• Set the table with pomegranates, watermelons, and persimmons.
  • Get together with your family.
  • Stay up late.
  • Drink tea.
  • Read prayer slowly and quietly for Hafez, close eyes until “this scripture will root in you and other words will begin to rise from your heart and interact with the scripture.”
  • Cooking delicious food is also a fun part of Yalda Night.

Some people believe that if you ate watermelon in the Night of Yalda,
you wouldn’t get thirsty the coming summer.

How Cook Sabzi Polo Ba Mahi

If you want to cook the dinner of Yalda Night, first prepare the ingredients for Sabzi polo ba Mahi: Basmati rice, salt, pepper, turmeric, potato, vegetables, water, oil, and fish.

     It would be best to wash the rice until the water is clear. And soak the white basmati rice in lukewarm water for 1 hour to 5 hours with three tablespoons of salt added. Then pour 8 cups of water into a pot to bring it to a boil. Add the rinsed rice to the boiling water for about 5-7 minutes. Then pour the rice into a colander and rinse it with cold water. Add the rice’s chopped fresh herbs like leeks, dill, parsley, coriander, and fenugreek. Heat 2 tablespoons of oil or melt butter in a saucepan over medium-high heat.

      Do not forget to put a thin layer of potatoes or a layer of thin Lavash bread on the bottom of the rice. Add the rinsed rice and mixed herbs to the pot and steam the rice over medium-low heat for about 50-60 minutes. Spread a quarter cup of melted butter or oil over the rice. About 30 minutes before the rice is done, prepare the fish. Wash the fish under cold water. Soak the fish with salt, pepper, and turmeric. After heating the oil in a pan, add the fish to the hot oil and fry it for 7 minutes on each side until it is crispy and medium golden. There are various ways to serve sabzi polo ba Mahi. It is often served with lemon juice, pickle, and sour orange or yogurt.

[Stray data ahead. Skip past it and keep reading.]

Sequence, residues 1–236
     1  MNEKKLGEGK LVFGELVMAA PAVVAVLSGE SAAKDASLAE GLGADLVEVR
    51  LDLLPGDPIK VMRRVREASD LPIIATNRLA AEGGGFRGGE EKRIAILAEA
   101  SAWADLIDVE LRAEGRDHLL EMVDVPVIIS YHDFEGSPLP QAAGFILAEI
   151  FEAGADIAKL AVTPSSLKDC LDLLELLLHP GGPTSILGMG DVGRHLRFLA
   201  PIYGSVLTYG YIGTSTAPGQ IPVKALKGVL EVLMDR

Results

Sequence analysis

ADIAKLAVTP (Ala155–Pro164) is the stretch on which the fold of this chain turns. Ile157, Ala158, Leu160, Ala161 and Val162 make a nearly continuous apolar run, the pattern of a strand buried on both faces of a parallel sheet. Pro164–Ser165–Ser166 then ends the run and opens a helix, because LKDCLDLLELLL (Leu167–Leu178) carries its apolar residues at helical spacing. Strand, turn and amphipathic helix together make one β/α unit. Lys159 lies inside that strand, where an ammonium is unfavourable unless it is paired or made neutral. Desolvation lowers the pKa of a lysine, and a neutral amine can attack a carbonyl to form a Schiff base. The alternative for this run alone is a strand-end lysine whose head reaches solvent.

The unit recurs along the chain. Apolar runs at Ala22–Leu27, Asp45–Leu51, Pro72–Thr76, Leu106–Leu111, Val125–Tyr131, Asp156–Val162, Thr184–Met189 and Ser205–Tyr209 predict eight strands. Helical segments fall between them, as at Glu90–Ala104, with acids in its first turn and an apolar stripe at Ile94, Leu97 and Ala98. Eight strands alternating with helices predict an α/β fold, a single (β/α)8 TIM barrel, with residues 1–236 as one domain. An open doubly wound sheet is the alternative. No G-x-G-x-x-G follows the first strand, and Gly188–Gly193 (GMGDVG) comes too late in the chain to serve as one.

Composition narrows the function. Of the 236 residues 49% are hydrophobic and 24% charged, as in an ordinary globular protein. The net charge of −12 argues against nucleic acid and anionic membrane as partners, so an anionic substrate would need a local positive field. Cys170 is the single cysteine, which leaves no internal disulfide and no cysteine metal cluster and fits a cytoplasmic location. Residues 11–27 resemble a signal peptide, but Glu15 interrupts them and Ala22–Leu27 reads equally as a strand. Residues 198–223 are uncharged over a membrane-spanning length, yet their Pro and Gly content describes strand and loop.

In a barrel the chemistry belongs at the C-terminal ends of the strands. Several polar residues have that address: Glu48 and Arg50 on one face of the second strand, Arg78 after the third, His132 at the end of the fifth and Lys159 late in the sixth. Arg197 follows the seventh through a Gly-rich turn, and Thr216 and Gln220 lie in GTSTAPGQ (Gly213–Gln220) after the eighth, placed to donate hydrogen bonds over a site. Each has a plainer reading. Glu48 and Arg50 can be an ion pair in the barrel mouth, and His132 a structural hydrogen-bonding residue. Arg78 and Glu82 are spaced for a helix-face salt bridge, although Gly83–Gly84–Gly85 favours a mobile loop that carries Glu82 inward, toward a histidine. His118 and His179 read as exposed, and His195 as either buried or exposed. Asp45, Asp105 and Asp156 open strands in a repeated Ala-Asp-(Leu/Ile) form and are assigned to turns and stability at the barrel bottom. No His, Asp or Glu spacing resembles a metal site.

Shopping in Shabe Yalda, A Persian Celebration

It is exciting to walk the streets on Yalda Night and visit the fruit markets in every town and village across the country. The lights in the street markets are brightly lit. There are numerous beautiful and lively open-air marketplaces. These open-air markets are a popular destination for tourists. People love to go through the street markets on this starless night. Various nuts, sweets, groceries, fruits, and vegetables are sold in colorful markets. And the prices are usually lower than in department stores, supermarkets, and shopping malls.

Spend one more minute together…

The Yalda Night, Persian Christmas, and Mithraism

What are the facts about Christmas and the Yalda Night? Historians believe that Yalda Night and Christmas are somehow closely related, as they said, “Christmas stems from the ancient and pagan Persian tradition.” Historically, Mithraism conquered the West and Christianity and consequently brought Christmas. In fact, Yalda night was “a holy day for worshipers.” Many of the Christian practices and rituals of Mithraism have changed. One of the documentaries available is Yalda; the Yalda Night has turned into Christmas. Of course, this topic also has many opponents. But it is enough that both of them are trying to create a better world, that the family comes together, and that they are full of joy, happiness, and peace. They are directly related to each other.

Yalda Night Registered As Intangible Cultural Heritage of Iran on UNESCO

Due to the rich history of Yalda Night in Persian culture, Iran has been seeking to register Yalda Night for many years UNESCO. Yalda Night, a symbol of equality, triumph of light over darkness, peace, and rapprochement, also plays a vital role in Central Asia: Azerbaijan, Tajikistan, Turkmenistan, Afghanistan, and Uzbekistan.

In general, Yalda, as a memorable night in Persian culture, is a mixture of unique events, stories, good wishes, delicious food, hot tea, sweets, poetry, and happy moments. Iranians spend the whole cold night in a bright and warm room near a fire so that nothing bad will happen to them. Yalda Night brings this message: the victory of light over darkness.

Land of Persia gets ready to celebrate the Night of Yalda…
Yalda,  the celebrations of winter solstices